Today on the Speculative Fiction Cantina we are pleased to welcome co-writers Jack Keely and Briar Lee Mitchell.
Some claim that Jack Keely is the son of a celebrated spiritualist. Others insist that he grew up in the wagons of a traveling carnival. In any case, he has always been an aficionado of the arcane, the peculiar, and the eccentric. He spent four years exploring the haunts of H.P. Lovecraft in the historic city of Providence while obtaining his degree in illustration from Rhode Island School of Dsign. After an additional two years of study at Cranbrook Academy of Art, Keely began a long and checkered career illustrating dozens of books, including the best-selling "Grossology" series by Sylvia Branzei. He recently completed the cover art and interior illustrations for The Whistlebrass Horror, a tale he co-authored with Briar Lee Mitchell. The duo is currently at work on a sequel, The Whistlebrass Stormwatcher. Jack Keely is said to spend most of his time behind the chained gates of the Keely family manse. Although the moldering old house appears to be abandoned, a light can often be seen at night in the library windows. On such evenings, if their hearing is supernaturally acute, passersby are likely to hear the rhythmic thwack of a typewriter or the scratch of a pen across a sheet of drawing paper.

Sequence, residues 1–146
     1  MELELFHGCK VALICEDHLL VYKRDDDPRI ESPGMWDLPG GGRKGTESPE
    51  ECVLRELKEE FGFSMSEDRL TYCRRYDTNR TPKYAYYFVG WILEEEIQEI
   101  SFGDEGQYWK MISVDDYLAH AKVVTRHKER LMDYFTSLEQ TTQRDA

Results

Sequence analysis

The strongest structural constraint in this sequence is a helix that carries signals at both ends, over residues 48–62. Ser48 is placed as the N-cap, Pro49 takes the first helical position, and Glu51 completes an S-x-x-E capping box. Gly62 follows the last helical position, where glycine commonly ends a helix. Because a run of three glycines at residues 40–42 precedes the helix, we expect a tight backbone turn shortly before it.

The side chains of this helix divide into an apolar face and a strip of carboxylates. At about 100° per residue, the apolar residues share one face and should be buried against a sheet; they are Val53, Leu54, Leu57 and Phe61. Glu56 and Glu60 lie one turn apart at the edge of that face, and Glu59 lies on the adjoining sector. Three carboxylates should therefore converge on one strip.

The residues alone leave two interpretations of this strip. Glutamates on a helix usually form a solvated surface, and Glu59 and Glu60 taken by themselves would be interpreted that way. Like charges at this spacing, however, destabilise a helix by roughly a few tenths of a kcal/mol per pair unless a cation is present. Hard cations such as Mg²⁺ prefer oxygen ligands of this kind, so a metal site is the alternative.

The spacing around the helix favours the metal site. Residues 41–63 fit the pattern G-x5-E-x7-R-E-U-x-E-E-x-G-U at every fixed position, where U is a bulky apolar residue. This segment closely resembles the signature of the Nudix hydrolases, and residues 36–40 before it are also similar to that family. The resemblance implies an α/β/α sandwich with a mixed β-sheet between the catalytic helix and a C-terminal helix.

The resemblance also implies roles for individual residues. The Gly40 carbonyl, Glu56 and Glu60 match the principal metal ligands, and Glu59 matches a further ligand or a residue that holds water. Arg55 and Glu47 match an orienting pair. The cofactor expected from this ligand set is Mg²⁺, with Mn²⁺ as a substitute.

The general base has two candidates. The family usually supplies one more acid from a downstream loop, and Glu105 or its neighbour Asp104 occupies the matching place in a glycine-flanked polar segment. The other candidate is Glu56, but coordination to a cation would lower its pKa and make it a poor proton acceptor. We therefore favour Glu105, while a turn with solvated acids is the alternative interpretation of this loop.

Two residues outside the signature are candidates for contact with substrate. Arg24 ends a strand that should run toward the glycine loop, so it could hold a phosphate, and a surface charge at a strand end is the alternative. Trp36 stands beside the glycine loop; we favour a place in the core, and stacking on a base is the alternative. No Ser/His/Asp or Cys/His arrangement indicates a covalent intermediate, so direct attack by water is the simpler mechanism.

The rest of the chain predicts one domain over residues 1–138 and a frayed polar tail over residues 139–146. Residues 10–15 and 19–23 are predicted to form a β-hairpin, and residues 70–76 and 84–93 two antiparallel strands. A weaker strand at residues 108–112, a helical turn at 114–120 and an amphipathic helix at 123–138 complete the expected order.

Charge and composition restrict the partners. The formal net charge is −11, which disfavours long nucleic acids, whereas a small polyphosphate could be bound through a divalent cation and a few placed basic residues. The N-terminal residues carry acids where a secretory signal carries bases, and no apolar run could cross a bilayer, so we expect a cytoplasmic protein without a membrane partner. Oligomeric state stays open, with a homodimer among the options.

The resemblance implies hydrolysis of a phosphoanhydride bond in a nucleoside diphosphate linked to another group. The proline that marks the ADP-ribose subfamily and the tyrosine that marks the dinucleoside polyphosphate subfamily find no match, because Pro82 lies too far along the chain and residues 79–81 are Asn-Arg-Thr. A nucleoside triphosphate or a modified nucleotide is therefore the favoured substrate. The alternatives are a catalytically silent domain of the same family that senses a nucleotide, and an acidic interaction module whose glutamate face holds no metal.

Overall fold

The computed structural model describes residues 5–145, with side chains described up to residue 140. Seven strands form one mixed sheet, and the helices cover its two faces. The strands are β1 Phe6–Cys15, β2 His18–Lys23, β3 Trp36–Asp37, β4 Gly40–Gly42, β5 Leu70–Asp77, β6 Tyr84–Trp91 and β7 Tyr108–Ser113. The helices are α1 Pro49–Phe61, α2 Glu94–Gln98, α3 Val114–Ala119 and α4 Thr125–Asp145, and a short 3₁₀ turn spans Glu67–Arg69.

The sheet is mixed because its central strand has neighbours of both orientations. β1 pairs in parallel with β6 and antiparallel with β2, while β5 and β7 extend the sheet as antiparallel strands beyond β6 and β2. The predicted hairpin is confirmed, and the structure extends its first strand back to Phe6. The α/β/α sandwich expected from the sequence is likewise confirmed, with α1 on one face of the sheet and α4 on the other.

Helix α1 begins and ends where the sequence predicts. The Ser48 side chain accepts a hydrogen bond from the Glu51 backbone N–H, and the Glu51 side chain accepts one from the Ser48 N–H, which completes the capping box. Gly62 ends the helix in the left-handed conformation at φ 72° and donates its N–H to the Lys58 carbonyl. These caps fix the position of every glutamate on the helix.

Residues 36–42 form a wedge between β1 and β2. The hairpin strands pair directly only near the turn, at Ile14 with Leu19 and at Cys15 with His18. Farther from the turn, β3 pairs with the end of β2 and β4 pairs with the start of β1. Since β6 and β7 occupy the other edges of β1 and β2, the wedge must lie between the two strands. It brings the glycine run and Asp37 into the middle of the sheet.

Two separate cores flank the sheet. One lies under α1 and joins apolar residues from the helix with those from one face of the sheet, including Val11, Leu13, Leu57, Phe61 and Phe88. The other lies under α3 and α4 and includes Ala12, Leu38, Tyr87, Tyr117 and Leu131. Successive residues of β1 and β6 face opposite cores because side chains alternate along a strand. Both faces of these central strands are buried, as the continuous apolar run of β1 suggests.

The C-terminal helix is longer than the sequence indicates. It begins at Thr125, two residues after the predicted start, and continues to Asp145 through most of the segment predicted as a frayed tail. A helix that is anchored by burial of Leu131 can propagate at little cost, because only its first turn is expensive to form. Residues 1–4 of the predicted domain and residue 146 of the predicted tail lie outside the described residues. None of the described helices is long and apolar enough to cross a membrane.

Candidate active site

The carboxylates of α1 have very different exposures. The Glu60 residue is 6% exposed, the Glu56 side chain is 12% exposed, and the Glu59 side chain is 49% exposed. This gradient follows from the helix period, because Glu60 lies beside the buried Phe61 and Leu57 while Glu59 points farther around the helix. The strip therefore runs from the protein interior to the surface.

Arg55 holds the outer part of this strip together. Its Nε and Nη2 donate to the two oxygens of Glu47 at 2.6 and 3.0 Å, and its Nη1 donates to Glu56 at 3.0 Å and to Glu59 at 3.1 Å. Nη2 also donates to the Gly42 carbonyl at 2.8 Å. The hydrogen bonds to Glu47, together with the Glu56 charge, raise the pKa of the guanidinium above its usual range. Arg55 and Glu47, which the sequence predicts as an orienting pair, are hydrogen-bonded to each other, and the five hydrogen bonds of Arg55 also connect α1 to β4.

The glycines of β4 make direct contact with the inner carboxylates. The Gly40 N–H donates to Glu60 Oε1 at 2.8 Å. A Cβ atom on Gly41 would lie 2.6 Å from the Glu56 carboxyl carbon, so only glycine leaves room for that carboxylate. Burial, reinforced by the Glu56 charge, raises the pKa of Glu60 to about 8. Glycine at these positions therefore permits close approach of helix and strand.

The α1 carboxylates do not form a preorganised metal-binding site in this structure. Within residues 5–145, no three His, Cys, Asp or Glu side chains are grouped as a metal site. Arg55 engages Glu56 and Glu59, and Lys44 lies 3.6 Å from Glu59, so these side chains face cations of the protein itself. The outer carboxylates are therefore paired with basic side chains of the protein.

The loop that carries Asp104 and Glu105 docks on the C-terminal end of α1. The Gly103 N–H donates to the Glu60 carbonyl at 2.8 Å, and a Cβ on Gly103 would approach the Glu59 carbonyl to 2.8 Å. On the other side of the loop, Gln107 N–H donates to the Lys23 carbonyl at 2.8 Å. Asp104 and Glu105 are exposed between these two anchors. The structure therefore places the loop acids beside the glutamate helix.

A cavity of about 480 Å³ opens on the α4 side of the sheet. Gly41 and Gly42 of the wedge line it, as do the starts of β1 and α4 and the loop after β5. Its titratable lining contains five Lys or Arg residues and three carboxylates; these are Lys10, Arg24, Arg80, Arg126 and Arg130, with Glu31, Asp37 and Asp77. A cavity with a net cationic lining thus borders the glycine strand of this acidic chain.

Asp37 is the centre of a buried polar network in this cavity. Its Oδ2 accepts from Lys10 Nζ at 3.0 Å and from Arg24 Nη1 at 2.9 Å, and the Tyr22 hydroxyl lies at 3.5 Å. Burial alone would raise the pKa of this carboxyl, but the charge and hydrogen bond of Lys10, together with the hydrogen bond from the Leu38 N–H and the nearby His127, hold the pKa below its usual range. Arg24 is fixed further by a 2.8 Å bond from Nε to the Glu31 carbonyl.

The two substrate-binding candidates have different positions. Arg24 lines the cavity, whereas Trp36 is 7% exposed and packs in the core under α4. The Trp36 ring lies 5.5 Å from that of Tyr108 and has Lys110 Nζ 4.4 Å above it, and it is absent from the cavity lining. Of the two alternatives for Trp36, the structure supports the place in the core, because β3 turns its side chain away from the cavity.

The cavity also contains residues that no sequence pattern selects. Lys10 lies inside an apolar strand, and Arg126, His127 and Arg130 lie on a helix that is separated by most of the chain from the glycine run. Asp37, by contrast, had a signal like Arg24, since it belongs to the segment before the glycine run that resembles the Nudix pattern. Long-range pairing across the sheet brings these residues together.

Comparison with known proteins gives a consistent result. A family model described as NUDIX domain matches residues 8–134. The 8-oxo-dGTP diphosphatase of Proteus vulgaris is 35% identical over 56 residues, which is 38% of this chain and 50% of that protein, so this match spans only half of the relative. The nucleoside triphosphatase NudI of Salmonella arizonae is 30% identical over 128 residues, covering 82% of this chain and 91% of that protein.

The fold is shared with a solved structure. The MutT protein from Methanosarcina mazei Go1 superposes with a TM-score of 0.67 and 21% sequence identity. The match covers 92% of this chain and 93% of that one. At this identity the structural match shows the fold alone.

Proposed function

|Briar Lee Mitchell|
“Write what you know” is the classic advice given to authors. Briar Lee Mitchell definitely seems to adhere to that maxim. The polar setting for Briar’s "Walking on Mars" serial echoes her experiences in the world’s coldest climate as a guest at McMurdo Base in Antarctica. Warming up on Andros Island in the Bahamas helped her set the scene for Dark Lights. She and her dive partners were offered $100 rewards from the Navy base there should any of them find a live torpedo out on the reefs. The Big Ass Shark author recently donned a wet suit to climb into a shark cage in the northern Pacific. Then Briar and her stalwart search and rescue dog, Thor, patrolled the Georgia woods and succeeded in helping the police locate and recover a missing person. The experience will no doubt fuel her future fiction. When not engaging in her edgier pastimes, Briar creates digital paintings for a diverse list of clients ranging from Warner Bros. to the U.S. Air Force. Her work has been featured in films, video games, and exhibited at the Smithsonian Institution in Washington, D.C. She also spends a lot of time floating in her Florida pool watching clouds drift by and imagining mayhem.
Whistlebrass Storm Watcher (coming October)
From Today's Show: Europa May Have Enough Energy to Support Life.